A Free Dreamer Review: Wren and Oak (The Rowan Harbor Cycle #9) by Sam Burns

Rating: 4 stars out of 5

Rowan Harbor has been peaceful for a now unprecedented two months, but everyone knows it’s the calm before the storm. The Summer king is coming for the thorn—a weapon destined to bring his end—and Fletcher has never felt so helpless.

When the disturbing dreams start and his mentor, Oak, is hesitant to discuss them, Fletcher doesn’t know where to turn. He and his boyfriend Conner are in the process of moving in together, and he doesn’t want to add anything else to Conner’s list of concerns.

With a vengeful fae waiting for his chance to raze Rowan Harbor to the ground, Fletcher has to find a way to protect everything he loves and survive the coming storm.

This is it. The final part has arrived. And I can’t believe I actually managed to finish a series with 9 whole books. Okay, 9 short books, but still. And to think I almost didn’t continue reading after the first part…

So we’ve all eagerly anticipated “Wren and Oak”. It didn’t disappoint, that’s for sure.

Fletcher and Conner are my second most favourite couple and I love reading about Oak.  So the scenes with Fletcher and Oak together were a big plus for me. Oak makes a great teacher and it was really interesting to learn more about Fletcher’s abilities. I just wish he’d done a little shapeshifting.

The strange dreams bring an undercurrent of suspense to the whole story, which not a lot of the previous parts had. And the sex was hot, of course.

There were some things that I didn’t like as much, though. One of them was the lack of communication between Fletcher and Conner, which led to a bit of relationship drama, which could have been avoided. I’m not a fan of that particular trope.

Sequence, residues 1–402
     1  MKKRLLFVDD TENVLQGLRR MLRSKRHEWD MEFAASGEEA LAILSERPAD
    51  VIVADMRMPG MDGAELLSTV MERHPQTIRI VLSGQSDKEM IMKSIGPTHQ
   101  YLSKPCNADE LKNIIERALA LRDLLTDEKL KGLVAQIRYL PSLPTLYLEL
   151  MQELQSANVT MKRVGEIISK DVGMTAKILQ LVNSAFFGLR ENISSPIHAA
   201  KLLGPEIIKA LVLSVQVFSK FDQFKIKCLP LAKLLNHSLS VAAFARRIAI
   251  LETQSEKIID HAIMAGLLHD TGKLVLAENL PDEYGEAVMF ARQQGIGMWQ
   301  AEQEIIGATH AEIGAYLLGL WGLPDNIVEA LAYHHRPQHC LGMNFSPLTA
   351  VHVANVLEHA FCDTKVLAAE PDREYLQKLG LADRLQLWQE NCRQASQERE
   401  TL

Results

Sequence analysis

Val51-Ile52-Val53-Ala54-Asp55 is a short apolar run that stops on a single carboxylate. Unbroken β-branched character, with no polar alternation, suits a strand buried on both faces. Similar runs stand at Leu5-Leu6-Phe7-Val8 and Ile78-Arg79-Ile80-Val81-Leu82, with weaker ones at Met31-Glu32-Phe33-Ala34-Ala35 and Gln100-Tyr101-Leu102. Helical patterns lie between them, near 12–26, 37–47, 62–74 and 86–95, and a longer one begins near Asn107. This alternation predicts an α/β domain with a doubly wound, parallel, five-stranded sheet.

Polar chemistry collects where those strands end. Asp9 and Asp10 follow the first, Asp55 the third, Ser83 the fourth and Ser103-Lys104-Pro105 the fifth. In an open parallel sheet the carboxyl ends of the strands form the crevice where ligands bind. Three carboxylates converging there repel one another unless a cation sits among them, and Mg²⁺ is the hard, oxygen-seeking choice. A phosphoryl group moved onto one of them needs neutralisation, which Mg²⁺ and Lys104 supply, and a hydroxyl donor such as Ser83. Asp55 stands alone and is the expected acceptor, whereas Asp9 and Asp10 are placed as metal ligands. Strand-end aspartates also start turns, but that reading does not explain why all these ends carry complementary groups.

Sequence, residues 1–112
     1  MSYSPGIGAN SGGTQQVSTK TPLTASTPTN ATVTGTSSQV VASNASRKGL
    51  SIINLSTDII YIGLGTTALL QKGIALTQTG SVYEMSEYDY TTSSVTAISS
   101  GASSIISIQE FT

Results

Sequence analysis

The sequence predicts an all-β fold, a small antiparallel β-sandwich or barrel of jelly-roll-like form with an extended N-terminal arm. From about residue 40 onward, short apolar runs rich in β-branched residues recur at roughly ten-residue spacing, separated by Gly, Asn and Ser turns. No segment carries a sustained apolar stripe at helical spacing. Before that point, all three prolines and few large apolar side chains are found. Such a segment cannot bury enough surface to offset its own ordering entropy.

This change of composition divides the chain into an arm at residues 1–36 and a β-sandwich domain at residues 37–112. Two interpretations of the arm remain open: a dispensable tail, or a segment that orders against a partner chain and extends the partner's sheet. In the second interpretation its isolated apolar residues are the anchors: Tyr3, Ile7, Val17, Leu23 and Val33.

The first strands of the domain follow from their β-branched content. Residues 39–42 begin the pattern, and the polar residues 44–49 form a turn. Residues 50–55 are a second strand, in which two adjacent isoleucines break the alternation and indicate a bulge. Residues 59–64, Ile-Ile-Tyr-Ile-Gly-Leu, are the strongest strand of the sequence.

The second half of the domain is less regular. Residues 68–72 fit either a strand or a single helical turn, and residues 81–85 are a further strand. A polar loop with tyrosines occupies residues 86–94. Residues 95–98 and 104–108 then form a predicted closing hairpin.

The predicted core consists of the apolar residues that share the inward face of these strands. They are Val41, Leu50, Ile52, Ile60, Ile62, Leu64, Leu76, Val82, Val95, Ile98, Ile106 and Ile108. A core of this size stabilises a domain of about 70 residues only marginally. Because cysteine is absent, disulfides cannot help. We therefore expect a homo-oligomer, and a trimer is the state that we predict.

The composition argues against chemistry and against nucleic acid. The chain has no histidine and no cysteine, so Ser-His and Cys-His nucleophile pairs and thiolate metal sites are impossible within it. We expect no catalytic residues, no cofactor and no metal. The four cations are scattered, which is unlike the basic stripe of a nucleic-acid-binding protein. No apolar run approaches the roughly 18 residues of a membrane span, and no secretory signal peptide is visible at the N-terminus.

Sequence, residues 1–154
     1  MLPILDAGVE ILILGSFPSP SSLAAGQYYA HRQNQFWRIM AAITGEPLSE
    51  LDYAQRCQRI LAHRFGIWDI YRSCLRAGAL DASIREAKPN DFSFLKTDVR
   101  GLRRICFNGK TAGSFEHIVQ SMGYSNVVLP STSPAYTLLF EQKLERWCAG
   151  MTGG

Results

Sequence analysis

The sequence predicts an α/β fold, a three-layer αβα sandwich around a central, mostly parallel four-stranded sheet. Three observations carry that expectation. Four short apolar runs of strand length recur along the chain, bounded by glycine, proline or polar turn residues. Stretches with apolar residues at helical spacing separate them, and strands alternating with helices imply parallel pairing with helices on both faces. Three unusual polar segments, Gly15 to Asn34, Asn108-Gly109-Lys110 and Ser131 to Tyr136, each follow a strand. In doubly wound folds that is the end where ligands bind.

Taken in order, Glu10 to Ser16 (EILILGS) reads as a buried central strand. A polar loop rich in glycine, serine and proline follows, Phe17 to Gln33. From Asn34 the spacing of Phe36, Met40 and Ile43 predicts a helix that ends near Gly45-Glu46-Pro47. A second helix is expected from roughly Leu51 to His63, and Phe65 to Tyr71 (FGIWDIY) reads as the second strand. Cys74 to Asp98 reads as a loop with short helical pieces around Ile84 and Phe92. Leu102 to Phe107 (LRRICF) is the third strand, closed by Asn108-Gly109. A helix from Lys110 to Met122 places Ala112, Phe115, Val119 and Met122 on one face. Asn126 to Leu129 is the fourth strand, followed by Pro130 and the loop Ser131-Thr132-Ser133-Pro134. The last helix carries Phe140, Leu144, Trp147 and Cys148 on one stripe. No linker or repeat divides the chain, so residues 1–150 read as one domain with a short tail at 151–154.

Some parts of the story were a little over dramatic for my likes. I’m not going to go into details, because that would be a spoiler, but that final showdown was a bit much.

At the same time, the book also felt too short as a whole. Maybe I’m a little biased because it does make me kinda sad that this is the end, but it feels like there was more to tell.

Overall, it was a worthy end of a good series. If you’re reading this review to figure out whether the series is worth reading, I can only say it definitely is. It does have its ups and downs, but on the whole, it’s a pretty great read.

Cover Design: Melanie Farlow @ Clause & Effect The cover, while accurately depicting a part of the plot, looks a bit too gloomy and dramatic for me. But it fits with the other covers and it’s not your run-of-the-mill m/m romance cover, so it’s alright.

Buy Links: Amazon US | Amazon UK | Universal Link – Exclusive to Amazon and Available to Borrow with Kindle Unlimited

Book details: Kindle Edition, 145 pages

Published December 26th 2019

Length: 45,000 words 

The Rowan Harbor Cycle Series

Book #1 – Blackbird in the Reeds – Amazon US | Amazon UK
Book #2 – Wolf and the Holly – Amazon US | Amazon UK
Book #3 – Fox and Birch – Amazon US | Amazon UK
Book #4 – Hawk In The Rowan – Amazon US | Amazon UK
Book #5 – Stag and the Ashe – Amazon US | Amazon UK
Book #6 – Adder and Willow – Amazon US | Amazon UK
Book #6.5 – In Any Light – Amazon US | Amazon UK
Book #7 – Eagle In The Hawthorn – Amazon US | Amazon UK

Book #8 – Salmon and the Hazel – Amazon US | Amazon UK
Book #9 – Wren and  Oak series finale

By Scattered Thoughts

At over 50, I am ruled by my terriers, my gardens, and my projects. A knack for grubbing about in the woods, making mud pies, and tending to the injured worms, bugs, and occasional bird and turtle growing up eventually led me to working for the Parks. I was a park Naturalist for over 20 years, and observing Nature and her cycles still occupy my hours. From the arrival of Ruby-throated Hummingbirds in the Spring to the first call of the Snow Geese heading south in the Fall, I am entranced by the seasons. For more about me see my bio on my blog.

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